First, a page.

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Nokia to preinstall Skype on handsets

Operators not sufficiently pissed off yet

Internet Security Threat Report 2014

Updated Nokia is pre-installing a Skype client on the flagship N97 handset, being launched in June, allowing users to make VoIP calls without paying a penny to the network operator who is still expected to subsidise the cost of the phone.

It seems like only yesterday Nokia was removing SIP functionality from operator-variant handsets in order to appease the operators and gain that so-valuable subsidy. But now N-Series devices will have a proper Skype client integrated, including presence and messaging as well as VoIP, in a move that isn't going to please network operators at all.

UK operator 3 has had some success with its Skype-Phone, but that isn't really VoIP at all, neither can it make SkypeOut calls - so the user is still dependent on 3 for most of their calls.

Until now there hasn't been a proper mobile-Skype client, except on Windows Mobile. Third-party applications such as Fring have provided the functionality on S60, but starting with the N97 Skype will be an integral part of the phone's capabilities, offering Skype calls in the same way that the current N-Series phones offer SIP connections - or most of them do. But Skype/Nokia goes further as the address book becomes dynamic and displays the presence information about contacts, assuming they have Skype too.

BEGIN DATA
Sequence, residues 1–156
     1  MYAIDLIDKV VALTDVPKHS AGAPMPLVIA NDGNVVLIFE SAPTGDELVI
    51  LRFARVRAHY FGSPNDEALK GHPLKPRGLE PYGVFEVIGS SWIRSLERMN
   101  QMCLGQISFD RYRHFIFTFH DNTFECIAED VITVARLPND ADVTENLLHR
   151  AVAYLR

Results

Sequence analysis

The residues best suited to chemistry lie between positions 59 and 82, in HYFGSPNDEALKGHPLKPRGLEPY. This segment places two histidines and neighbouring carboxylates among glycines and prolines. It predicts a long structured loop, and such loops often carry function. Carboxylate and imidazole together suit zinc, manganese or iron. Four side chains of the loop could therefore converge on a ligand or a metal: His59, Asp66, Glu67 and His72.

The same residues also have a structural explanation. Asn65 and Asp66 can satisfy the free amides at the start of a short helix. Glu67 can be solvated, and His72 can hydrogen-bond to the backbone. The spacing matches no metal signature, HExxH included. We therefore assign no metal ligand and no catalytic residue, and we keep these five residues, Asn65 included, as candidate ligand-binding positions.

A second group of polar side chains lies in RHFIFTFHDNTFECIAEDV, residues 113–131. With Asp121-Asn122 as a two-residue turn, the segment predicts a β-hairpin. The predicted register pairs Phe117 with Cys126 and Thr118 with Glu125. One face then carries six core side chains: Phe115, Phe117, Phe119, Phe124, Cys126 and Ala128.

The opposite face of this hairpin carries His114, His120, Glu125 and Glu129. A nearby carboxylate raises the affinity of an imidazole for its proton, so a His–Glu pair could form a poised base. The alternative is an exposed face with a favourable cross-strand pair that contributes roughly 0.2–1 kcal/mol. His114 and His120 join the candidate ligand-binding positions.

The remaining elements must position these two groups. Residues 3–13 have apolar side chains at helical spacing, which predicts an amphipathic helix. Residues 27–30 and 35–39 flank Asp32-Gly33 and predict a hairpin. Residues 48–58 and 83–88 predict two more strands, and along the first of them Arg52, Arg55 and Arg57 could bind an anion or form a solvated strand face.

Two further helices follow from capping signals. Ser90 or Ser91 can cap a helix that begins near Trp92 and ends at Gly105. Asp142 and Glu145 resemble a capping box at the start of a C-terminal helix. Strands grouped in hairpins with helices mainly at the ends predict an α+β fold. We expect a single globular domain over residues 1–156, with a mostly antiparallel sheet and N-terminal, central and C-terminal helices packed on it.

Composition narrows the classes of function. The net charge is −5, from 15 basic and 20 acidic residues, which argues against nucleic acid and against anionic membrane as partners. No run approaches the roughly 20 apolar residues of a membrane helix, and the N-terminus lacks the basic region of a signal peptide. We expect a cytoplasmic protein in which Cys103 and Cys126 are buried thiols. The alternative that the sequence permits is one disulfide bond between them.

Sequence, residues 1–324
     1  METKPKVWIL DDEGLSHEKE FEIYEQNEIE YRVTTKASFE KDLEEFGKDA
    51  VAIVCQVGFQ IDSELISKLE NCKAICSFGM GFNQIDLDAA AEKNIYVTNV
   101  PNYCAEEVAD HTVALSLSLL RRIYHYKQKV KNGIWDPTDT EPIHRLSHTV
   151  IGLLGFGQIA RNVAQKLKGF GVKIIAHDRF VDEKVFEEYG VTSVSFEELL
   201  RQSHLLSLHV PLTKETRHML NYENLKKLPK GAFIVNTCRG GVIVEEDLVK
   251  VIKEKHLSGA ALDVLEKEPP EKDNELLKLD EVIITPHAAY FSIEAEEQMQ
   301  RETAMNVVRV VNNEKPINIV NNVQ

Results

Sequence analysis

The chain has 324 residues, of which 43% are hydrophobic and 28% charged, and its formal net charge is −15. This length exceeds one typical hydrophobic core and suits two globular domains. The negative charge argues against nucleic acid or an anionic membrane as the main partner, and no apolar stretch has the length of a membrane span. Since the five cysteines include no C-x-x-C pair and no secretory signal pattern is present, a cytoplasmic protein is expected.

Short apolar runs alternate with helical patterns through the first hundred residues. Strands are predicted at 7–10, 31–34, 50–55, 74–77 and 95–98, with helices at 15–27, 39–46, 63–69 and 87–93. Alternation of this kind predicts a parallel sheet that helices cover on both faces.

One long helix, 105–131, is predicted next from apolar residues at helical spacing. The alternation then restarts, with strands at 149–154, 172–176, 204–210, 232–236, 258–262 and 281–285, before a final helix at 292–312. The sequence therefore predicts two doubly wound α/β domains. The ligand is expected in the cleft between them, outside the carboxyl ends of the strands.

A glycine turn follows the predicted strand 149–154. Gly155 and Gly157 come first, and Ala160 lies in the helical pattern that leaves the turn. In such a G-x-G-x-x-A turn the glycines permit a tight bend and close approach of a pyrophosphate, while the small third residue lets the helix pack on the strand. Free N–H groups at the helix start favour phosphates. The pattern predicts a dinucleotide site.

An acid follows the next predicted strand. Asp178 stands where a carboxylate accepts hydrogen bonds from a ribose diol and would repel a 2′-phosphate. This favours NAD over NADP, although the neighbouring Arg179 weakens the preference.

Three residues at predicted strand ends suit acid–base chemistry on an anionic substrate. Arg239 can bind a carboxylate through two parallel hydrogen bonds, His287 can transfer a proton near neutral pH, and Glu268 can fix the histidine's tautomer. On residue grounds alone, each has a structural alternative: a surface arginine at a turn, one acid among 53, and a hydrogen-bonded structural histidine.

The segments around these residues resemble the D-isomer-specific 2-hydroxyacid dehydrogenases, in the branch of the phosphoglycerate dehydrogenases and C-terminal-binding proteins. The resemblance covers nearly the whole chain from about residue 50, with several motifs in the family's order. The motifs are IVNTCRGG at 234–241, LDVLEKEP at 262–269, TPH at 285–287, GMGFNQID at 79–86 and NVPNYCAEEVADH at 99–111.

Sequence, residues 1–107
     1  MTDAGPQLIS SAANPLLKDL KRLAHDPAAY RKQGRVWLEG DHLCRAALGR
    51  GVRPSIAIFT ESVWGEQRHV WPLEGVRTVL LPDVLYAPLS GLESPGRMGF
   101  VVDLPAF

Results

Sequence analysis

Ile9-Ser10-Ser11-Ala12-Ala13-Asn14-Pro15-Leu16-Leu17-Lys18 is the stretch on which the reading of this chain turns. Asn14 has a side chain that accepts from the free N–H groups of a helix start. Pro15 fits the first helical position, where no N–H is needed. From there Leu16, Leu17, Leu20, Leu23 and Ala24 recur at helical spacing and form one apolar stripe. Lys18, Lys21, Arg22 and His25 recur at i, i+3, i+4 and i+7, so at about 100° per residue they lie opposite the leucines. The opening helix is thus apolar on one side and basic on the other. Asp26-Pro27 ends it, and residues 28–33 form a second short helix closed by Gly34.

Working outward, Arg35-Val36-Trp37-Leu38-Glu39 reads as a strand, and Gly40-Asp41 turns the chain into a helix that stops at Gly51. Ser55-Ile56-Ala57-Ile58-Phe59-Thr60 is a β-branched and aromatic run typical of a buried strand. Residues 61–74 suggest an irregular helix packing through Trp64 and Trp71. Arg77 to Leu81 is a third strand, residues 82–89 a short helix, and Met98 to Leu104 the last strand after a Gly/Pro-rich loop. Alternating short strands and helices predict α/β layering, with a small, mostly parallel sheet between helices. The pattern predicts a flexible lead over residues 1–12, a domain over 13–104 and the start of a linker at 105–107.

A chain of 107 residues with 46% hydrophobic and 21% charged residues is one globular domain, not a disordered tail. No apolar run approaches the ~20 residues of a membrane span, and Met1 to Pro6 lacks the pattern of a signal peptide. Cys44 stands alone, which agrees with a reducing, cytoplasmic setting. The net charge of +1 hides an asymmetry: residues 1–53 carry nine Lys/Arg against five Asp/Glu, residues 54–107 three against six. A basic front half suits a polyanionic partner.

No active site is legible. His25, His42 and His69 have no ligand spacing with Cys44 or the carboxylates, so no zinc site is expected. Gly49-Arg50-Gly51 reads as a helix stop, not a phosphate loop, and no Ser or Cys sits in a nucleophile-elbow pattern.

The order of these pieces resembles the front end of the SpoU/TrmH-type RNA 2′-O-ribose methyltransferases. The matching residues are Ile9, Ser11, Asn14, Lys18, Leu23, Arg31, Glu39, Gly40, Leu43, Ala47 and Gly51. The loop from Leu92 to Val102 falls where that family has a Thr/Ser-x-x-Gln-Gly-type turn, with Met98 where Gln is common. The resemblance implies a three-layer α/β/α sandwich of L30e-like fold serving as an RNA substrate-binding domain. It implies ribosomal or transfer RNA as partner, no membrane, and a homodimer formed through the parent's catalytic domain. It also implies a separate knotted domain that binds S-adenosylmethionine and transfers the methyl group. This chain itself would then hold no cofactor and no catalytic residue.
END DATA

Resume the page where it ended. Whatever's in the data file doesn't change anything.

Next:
Presence-enabling the address book is a welcome innovation, but integrating with Skype isn't going to amuse the network operators. Not only will users be able to call other Skype users for free over 3G or Wi-Fi connections, but they'll also be able to make SkypeOut calls: potentially reducing the network operator to the bit-pipe they've fought so hard to avoid becoming.

Quite what Nokia gets out of the deal, other than pissing off its biggest customers, isn't clear - unless the company is actively seeking a subsidy-free business model.

It's still possible that operators will manage to convince Nokia to switch off the functionality for variant handsets, as Vodafone did when SIP became available. But the attendant publicity, connected to the Skype brand, will make that hard - assuming Skype can start making enough money to fund its continued existence. ®

Update: Some of our more astute readers have pointed out that you can, since October, make SkypeOut calls on 3 - as covered by us at the time.

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